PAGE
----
i5 vs i7

i5 vs i7

Intel Core i5 vs i7 CPU Processors Comparison
i5 vs i7

Intel re-released its Core i3/i5/i7 processors to match up with their new architecture, the Sandy Bridge. These processors are improved versions of the previous ones of the same name. We will compare each processor to each other to know which the best deal is for you. Here is our take on the i5 vs i7 comparisons.

The Sandy Bridge is a faster architecture which needs faster lines of processors. The i3/i5/i7 might have the same names but they are actually a different set of hardware. The numbers on their names will give you an idea on their performance. The Core i7 is faster than the Core i5. The latter is consequently cheaper than the former.

 

 

THE PRICE – i5 vs i7

Since we already stated that the i5 is cheaper than the i7, we will now provide the numbers.  The Sandy Bridge line of processors is mostly made up of i5 processors. You can buy one for as low as $177 to as high as $216 with base clock speeds between 2.8 GHz and 3.3 GHz. Only two Core i7 products are available as of now: Core i7-2600 and Core i7-2600K. The “K” has to do something with the Integrated Graphics Processor (IGP) which we will talk about later. Both Core i7 products offer 3.4 GHz base clock speeds. The i7-2600 can be bought at $294 while the other i7 is priced between $317 and $326. One may notice that a 100 MHz difference in speed is already worth $78. The difference in base clock speed is not the only reason why the i7 is much more expensive.

 

 

THE PERFORMANCE – i5 vs i7

The ability of the Core i7 to do hyper threading is another reason why it is more expensive than the Core i5. Hyper-threading is a technology used to improve the computer’s multitasking capabilities. Basically, the operating system works with two virtual processors although it is only working with one “physical” processor. For a Core i7 which is quad-core, the OS sees it as a processor having eight cores. The more cores the better that is why the Core i7 can be faster than the Core i5.

 

However, the advantages of hyper threading can only be seen when dealing with programs that does multi-threading. Examples of such programs are AutoCad and Adobe Photoshop. If you aren’t using these programs then you might find no use of Core I7’s hyper threading feature.

 

Both Core i5 and Core i7 offer turbo boost technology. This means both can readily increase their base clock speeds. The Core i7 can boost its speed by 400 MHz while the Core i5 can increment its speed to 300 MHz. Aside from this, the Core i7 is the only one to have virtualization technology for directed I/O and trusted execution. Virtualization for directed I/O is a technology wherein guest virtual machines can directly use peripheral devices through DMA and interrupt remapping. Trusted execution is a means to improve computer security against malicious programs.

 

The built in graphics processor or IGP is a noteworthy addition to the new Core processors. Don’t think that you wouldn’t need separate video memory because of this. The IGP in these processors still can’t match the performance of high end graphics card. Nevertheless, it can do the job at lower power consumption. Intel created two versions of the IGP: 2000 and 3000. The 3000 can process graphical information 50% quicker then 2000. Both the Core i5 and Core i7 support IGP 3000 with their Core i5-2500K and Core i7-2600K versions.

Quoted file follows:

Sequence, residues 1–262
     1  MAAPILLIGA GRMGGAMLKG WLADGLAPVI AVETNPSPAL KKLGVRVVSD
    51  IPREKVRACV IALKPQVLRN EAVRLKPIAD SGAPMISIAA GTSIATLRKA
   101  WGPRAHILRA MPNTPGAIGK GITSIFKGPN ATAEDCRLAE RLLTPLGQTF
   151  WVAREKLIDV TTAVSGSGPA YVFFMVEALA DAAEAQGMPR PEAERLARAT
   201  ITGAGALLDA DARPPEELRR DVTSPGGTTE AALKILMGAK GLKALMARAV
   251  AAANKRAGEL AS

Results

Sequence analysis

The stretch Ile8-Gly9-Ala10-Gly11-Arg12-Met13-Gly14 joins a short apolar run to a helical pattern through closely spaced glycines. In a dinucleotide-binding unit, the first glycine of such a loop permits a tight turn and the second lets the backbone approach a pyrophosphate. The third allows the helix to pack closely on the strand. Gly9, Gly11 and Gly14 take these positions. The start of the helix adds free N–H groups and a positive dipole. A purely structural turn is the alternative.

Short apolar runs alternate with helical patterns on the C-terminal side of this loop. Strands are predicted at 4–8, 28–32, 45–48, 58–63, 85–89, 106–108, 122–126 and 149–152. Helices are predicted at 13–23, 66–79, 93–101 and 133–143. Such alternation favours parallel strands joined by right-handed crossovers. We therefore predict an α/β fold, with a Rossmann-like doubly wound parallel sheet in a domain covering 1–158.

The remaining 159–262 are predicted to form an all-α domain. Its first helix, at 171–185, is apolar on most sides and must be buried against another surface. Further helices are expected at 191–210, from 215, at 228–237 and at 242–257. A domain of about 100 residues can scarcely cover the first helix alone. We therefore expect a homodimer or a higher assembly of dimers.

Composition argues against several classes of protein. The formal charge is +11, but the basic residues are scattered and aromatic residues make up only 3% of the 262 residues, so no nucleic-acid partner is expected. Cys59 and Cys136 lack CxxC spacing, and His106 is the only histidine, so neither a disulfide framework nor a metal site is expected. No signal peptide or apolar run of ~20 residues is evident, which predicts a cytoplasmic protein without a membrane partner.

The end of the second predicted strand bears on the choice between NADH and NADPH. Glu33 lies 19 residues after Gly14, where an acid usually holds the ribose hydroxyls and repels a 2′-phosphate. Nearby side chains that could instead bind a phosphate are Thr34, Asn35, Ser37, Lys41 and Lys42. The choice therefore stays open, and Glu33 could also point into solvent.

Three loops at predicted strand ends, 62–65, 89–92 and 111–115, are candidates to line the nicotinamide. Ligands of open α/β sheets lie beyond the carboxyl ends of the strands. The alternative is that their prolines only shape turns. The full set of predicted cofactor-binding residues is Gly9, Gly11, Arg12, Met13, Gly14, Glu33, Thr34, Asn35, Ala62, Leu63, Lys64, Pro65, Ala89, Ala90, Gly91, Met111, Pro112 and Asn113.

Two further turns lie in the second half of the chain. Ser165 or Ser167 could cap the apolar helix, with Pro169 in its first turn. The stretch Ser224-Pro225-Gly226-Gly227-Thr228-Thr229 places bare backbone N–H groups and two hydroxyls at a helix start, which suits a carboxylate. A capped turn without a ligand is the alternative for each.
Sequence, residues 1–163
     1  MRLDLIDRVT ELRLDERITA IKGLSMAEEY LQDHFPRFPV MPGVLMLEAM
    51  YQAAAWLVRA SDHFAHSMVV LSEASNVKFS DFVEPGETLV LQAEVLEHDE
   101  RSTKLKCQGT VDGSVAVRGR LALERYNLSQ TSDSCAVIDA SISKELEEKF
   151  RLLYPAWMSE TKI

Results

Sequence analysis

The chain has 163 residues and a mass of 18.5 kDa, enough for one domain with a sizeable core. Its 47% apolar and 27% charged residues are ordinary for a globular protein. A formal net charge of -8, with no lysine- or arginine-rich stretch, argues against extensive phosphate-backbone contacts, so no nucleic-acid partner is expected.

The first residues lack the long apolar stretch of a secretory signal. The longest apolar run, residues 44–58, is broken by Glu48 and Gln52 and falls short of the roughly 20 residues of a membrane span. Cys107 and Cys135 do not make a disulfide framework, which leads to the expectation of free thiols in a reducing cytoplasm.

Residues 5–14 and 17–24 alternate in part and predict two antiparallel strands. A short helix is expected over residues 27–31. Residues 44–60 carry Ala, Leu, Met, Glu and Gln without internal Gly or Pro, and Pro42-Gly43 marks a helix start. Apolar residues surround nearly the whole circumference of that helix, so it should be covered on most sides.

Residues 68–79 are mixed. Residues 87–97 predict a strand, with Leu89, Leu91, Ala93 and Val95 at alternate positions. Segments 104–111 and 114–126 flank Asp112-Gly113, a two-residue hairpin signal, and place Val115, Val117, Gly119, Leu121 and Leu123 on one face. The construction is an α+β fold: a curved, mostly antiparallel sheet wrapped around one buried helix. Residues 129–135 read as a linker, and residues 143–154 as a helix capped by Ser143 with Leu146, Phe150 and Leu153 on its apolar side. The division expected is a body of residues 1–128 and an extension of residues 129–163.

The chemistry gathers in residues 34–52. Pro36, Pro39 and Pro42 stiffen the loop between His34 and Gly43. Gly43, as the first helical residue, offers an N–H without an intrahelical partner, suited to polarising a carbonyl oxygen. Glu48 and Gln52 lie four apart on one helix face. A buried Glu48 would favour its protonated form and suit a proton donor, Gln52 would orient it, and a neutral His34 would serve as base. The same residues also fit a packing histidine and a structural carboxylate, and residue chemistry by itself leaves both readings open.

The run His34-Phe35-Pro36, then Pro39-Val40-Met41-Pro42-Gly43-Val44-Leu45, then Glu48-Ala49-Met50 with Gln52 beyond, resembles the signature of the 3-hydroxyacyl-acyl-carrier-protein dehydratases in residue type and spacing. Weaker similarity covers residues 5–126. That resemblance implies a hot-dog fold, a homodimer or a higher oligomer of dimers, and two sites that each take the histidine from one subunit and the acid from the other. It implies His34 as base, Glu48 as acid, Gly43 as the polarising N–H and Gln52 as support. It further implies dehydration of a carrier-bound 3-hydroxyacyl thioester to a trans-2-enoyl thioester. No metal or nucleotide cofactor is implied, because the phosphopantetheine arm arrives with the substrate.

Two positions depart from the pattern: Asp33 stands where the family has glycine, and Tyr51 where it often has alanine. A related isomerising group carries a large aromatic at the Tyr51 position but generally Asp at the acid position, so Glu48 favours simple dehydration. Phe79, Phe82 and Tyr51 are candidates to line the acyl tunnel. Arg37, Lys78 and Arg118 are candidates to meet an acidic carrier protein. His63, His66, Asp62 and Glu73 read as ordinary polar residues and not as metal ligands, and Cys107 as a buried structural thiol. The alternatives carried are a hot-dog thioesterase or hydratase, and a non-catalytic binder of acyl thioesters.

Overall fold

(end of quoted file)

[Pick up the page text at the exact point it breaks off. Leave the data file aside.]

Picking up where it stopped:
Summary of Specs

Product Name

Core i5 (2500K)

Core i7 (2600K)

Price

$216

$294

# of Cores

4

4

# of Threads

4

8

Clock Speed

3.3 GHz

3.4 GHz

Max Turbo Frequency

3.7 GHz

3.8 GHz

Cache

6 MB

8 MB

Bus/Core Ratio

33

34

System Bus

5 GT/s

5 GT/s

Instruction Set

64-bit

64-bit

Lithography

32 nm

32 nm

Max TDP

95 W

95 W

Memory Specifications

Max Memory Size

32 GB

32 GB

Memory Types

DDR3-1066/1333

DDR3-1066/1333

# of Memory Channels

2

2

Max Memory Bandwidth

21 GB/s

21 GB/s

Graphics Specifications

Processor Graphics

Yes

Yes

Graphics Model

Intel® HD Graphics 3000

Intel® HD Graphics 3000

Intel® Quick Sync Video

Yes

Yes

Intel® InTru™ 3D Technology,

Yes

Yes

Intel® Insider™

Yes

Yes

Intel® Wireless Display

No

No

Intel® Flexible Display Interface (Intel® FDI)

Yes

Yes

Intel® Clear Video HD Technology

Yes

Yes

Dual Display Capable

Yes

Yes

Advanced Technologies

Intel® Turbo Boost Technology

2.0

2.0

Intel® vPro Technology

No

Yes

Intel® Hyper-Threading Technology

No

Yes

Intel® Virtualization Technology (VT-x)

Yes

Yes

Intel® Virtualization Technology for Directed I/O (VT-d)

No

Yes

Intel® Trusted Execution Technology

No

Yes

AES New Instructions

Yes

Yes

Intel® 64

Yes

Yes

Idle States

Yes

Yes

Enhanced Intel SpeedStep® Technology

Yes

Yes

Thermal Monitoring Technologies

Yes

Yes

Intel® Fast Memory Access

Yes

Yes

Intel® Flex Memory Access

Yes

Yes

Execute Disable Bit

Yes

Yes

 

 

i5 VS i7 – THE VERDICT

The i7 is a good choice for those who are frequently using programs that have high demands for its processor. The hyper-threading feature of the Core i7 enables it to be a tad faster than the Core i5 as well as its higher base clock speed and turbo boost. But for an ordinary computer user who does not deal daily with heavy graphics design, the Core i5 will suffice. A $78 dollar for a 100 MHz difference in speed is too much. We are going for the Core i5 on this i5 vs i7 debate.

Be Sociable, Share!

No related posts.